Canine Core Ball
Has reached our shores! Cape Animal Physiotherapy and Canine Concepts have pulled together their resources and knowledge to present the latest in canine exercise, that is fast taking off overseas.
1) You don’t need lots of space
2) Not dependent on the weather
3) It has no impact on joints
4) Dogs with certain injuries will benefit
5) Can prevent muscular injuries especially in the sporting and working dog
6) Suitable for any age
7) Only short sessions are required for a good workout
Any active dog or canine sport participants (i.e. agility, Schutzhund, showing, dancing etc.) should possess good core muscle strength; that is, good strength in the back and abdominal region, including the smaller “set” of stabilizing muscles that are present in every joint. If a dog’s core muscles are not strong, the dog will utilize muscles which are not adapted for that specific purpose, which will lead to fatigue, pain and injury. Dogs with weak core muscles might compensate with their rear and begin to have problems with tight muscles, muscle strains or other issues. If the core is well developed the ‘mover muscles’ can perform at optimal level and execute even more comprehensive movements without injury, which means better performance !
Core Ball exercises involves a large egg or peanut shaped vinyl ball. Round shaped balls could be harmful. Working on these Balls does not alter the dog’s standing biomechanics and puts no pressure on the joints, which is good for dogs with injuries or the older dog that cannot go for long walks anymore.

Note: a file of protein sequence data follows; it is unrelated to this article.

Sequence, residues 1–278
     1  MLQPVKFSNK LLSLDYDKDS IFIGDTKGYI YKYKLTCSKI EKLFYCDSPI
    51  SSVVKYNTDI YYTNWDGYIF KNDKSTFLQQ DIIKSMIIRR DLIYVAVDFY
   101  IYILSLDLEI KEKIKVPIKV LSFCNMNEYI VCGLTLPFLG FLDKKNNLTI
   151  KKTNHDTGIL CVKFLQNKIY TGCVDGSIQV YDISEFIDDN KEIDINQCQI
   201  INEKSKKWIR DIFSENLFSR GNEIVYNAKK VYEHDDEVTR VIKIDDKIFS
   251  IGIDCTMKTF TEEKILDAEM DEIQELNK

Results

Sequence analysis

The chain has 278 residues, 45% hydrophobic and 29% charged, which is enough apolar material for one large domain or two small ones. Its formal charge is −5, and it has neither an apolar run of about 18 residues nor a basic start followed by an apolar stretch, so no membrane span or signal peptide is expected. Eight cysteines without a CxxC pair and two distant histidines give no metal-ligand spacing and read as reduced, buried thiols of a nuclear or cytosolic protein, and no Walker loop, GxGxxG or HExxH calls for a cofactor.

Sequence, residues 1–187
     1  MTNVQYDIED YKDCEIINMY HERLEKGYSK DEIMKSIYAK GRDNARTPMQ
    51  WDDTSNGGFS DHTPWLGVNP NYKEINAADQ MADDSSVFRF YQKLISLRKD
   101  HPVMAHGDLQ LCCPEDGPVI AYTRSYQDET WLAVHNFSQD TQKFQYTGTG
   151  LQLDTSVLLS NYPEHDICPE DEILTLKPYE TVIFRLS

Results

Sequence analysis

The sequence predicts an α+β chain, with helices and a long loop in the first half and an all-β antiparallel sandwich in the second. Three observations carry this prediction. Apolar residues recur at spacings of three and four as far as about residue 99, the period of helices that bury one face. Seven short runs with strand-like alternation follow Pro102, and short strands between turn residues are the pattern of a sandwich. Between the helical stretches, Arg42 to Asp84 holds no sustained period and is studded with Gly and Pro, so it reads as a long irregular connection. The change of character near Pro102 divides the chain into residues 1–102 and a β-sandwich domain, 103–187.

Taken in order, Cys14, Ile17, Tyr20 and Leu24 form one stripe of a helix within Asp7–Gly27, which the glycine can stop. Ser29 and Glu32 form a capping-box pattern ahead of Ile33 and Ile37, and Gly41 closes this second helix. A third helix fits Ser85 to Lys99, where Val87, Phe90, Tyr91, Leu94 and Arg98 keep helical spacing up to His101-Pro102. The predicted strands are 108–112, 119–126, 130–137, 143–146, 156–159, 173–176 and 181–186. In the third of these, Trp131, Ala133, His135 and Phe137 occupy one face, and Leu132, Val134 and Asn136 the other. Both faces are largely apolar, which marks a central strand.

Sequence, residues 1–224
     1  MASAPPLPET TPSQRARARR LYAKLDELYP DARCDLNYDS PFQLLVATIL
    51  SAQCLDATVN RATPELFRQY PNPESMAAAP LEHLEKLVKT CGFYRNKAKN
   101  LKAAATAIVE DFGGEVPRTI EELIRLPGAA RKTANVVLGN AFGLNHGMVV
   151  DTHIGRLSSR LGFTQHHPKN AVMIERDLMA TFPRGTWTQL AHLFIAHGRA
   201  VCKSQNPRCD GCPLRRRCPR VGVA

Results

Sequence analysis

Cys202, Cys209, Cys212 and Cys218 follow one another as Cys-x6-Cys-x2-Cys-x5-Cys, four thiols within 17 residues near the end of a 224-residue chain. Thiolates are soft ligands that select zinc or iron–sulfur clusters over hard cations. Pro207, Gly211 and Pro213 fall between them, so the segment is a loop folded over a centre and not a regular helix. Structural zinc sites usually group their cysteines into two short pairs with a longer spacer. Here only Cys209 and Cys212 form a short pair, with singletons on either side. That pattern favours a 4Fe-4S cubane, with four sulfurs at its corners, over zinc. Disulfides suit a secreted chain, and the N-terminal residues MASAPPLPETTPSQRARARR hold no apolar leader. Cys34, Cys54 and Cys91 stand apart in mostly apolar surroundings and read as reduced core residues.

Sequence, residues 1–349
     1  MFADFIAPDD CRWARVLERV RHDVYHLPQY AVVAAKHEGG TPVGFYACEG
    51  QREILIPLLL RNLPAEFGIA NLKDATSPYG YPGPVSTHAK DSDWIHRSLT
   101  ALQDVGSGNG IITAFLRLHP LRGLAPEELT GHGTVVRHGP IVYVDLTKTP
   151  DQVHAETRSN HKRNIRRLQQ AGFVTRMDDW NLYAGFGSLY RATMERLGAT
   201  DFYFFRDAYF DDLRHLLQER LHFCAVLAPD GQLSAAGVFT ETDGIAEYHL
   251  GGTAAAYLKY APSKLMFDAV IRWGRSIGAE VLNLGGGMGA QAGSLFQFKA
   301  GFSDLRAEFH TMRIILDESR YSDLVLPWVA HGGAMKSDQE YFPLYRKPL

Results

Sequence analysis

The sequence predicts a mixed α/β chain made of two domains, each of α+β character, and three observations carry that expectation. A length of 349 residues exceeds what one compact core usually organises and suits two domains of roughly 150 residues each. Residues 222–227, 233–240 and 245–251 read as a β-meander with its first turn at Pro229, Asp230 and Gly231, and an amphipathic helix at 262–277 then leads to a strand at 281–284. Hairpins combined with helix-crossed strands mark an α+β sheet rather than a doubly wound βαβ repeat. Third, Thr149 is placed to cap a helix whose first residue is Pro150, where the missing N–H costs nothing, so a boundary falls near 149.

These balls also challenge the dog’s body because they are an unstable surface. The dog’s muscles immediately start to work to keep him from falling off. Add an exercise to that, and you’ve just increased the intensity of the movement. Sounds easy? Physiotherapist, Marinette Teeling, will put the owners though some exercises to experience just how difficult it is! Balance is affected by head position, head movement, weight shifting, vision, and surface. Standing and balancing on one leg may be easy for some people, but try to maintain your balance while you close your eyes and move your head from side to side or up and down.
Core Ball Exercises can be done in the comfort of your home – even in front of the fireplace, if you like – so neither you or your dog has to tackle the cold and wet winter mornings and evenings. Having a dog comes with the responsibility of providing him with sufficient exercise. When we don’t allow them the opportunity to be physically stimulated – they become frustrated and find ways to entertain themselves, and it is usually these behaviours that we find irritating or costly…with Core Ball Exercises this will not happen.
Puppies to Golden Oldies can participate. I started with my own puppy at 8 weeks on the peanut – mostly to try and prevent carsickness – and it worked! It got him use to the rocking and rolling motion of the car and taught him to stabilize himself. He now loves the ball and can’t wait to get on!
Each dog is handled individually and an exercise and progress program will be worked out for each dog according to their physical ability.
Instructors courses available upon request.
To prevent injuries, Canine Core Ball should not be attempted without the guidance of your vet or a qualified canine physiotherapist.
Copyright 2011: Claire Grobbelaar – Canine Concepts & Marinette Teeling – Cape Animal Physiotherapy